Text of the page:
4. Each time you hit a piece of furniture (table leg, cabinet, etc.) you will receive a 3 second penalty (3 sec will be added to your time).
5. For each orange cone you hit you will receive a 3 second penalty.
6. The broom stick must remain in contact with the bowling ball at all times.
7. Your final time will be the actual measured time from start to finish plus any penalty time accumulated during the run.
8. Lowest time wins.

All materials (bowling ball, broom stick, etc.) will be provided for you at the event.


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Physics Olympics 2011: Block Stacking

To construct a wooden block structure on one side of a reference line with the largest overhang over the line.

The brick wall event is an excellent way for students to show their applications of science and mathematics in creative and fun ways. Center of mass, statics, and structural design are just a few of the concepts needed.

The Competition:
1. The stacking surface will be a hard, smooth and level surface with a line marking the boundary.
2. The structure must be constructed using only the blocks provided.
3. The blocks will all be a uniform size, shape, and weight (some small variation in size, density, and mass can be expenced, due to the intrinsic nature of wood).
4. No part of the structure may touch the surface on one side of the line.
5. The time limit is 15 minutes.
6. Any number of attempts may be made within the allotted time with each being measured by a judge.
7. The structure must remain unsupported long enough to be measured by a judge.
8. The overhang is defined as the shortest horizontal distance from the line to the most distant part of the structure.
9. Only your largest overhang will be used to determine the final standings, where the participant with the largest overhang is the overall winner.

Materials (will be provided at the event):
· 15 blocks

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Physics Olympics 2011: Water Bottle Rockets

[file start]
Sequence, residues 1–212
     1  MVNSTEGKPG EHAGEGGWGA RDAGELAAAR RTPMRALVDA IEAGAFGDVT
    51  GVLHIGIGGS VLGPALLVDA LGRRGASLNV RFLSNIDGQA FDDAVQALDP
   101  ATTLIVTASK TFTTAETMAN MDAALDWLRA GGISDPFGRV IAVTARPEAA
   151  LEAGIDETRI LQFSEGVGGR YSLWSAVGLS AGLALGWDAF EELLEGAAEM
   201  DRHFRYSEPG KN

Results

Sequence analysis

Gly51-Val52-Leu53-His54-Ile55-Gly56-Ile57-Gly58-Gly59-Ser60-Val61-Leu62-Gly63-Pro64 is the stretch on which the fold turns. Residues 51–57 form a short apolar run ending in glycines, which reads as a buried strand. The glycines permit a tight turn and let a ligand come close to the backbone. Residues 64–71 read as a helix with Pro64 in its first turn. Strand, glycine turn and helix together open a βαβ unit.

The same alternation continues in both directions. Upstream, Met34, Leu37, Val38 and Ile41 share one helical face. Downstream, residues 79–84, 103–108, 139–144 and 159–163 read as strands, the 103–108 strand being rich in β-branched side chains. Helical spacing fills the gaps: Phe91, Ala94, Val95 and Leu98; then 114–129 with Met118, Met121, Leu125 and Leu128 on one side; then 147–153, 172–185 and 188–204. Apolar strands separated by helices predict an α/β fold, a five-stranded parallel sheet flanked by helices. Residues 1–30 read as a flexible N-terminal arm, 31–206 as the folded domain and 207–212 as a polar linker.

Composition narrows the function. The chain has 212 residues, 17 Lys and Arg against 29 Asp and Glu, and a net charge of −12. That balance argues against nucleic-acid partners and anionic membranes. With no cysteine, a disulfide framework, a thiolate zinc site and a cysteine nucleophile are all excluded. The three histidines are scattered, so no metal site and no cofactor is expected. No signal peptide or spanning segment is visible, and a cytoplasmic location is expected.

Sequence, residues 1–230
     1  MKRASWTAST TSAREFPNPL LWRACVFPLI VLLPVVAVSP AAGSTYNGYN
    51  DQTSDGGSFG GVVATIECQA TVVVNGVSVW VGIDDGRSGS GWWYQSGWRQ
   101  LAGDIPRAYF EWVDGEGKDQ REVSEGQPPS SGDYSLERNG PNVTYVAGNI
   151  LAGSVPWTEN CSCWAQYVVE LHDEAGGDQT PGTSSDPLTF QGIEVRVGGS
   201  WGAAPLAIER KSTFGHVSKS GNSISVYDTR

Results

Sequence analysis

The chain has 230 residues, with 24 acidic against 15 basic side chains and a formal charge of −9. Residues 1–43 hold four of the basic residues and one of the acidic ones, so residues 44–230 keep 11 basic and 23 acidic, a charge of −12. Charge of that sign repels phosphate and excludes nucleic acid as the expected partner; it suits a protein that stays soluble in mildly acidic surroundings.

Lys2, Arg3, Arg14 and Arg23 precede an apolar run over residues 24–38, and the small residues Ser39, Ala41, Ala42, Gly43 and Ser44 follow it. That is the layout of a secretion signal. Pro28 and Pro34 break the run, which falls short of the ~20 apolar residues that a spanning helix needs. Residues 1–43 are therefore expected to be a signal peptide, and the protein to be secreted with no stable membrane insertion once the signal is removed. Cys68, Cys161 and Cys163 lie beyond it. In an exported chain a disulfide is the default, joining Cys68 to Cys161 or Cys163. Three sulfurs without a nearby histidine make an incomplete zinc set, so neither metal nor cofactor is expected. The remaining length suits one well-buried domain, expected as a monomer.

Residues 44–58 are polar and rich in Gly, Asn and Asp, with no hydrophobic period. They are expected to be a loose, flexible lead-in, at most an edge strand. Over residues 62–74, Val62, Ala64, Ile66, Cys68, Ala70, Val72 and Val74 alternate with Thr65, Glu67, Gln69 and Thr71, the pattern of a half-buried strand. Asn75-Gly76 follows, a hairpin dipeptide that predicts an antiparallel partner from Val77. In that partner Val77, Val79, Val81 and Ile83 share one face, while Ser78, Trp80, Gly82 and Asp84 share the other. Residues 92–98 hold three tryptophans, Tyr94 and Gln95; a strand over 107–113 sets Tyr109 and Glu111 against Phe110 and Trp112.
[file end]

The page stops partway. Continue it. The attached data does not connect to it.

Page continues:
Update (6/10/2011):¬† About bringing your own launcher: short answer, no.¬† We view this as an engineering challenge – you do the best you can with the launchers you are provided.¬† In this case, you may have the resources to build a launcher to replace ours, but when you scale up, it won’t be able to replace components you don’t like, as it will be too expensive to do so (or possibly in case of government contract, impossible).¬† This is a reality of life, so start practicing!

Update (6/3/2011):¬† We’ve had some questions about the propulsion of the rockets, so here’s some clarification.¬† We provide a rocket launcher for all of you.¬† So we don’t want anything in your bottles that might gunk up our launcher.¬† This means nothing but water and air in the bottle.¬† Secondly, the only source of propulsion for the bottle rockets should be the pressure in the bottle.¬† No turbofan engines, solid rocket boosters, or other added propulsion.¬† Thanks!

The task is to build a water bottle rocket out of a standard 2 liter soda bottle. The winner will be determined by the longest length of time the rocket is airborne.

Effective water bottle rockets take into account many of the same considerations as ‚Äúreal‚ÄĚ rockets.¬† Just as with ‚Äúreal‚ÄĚ rockets, students should take into consideration ¬†¬†propellant mass fraction, stability of flight, and engineering an effective reentry system.

The Competition: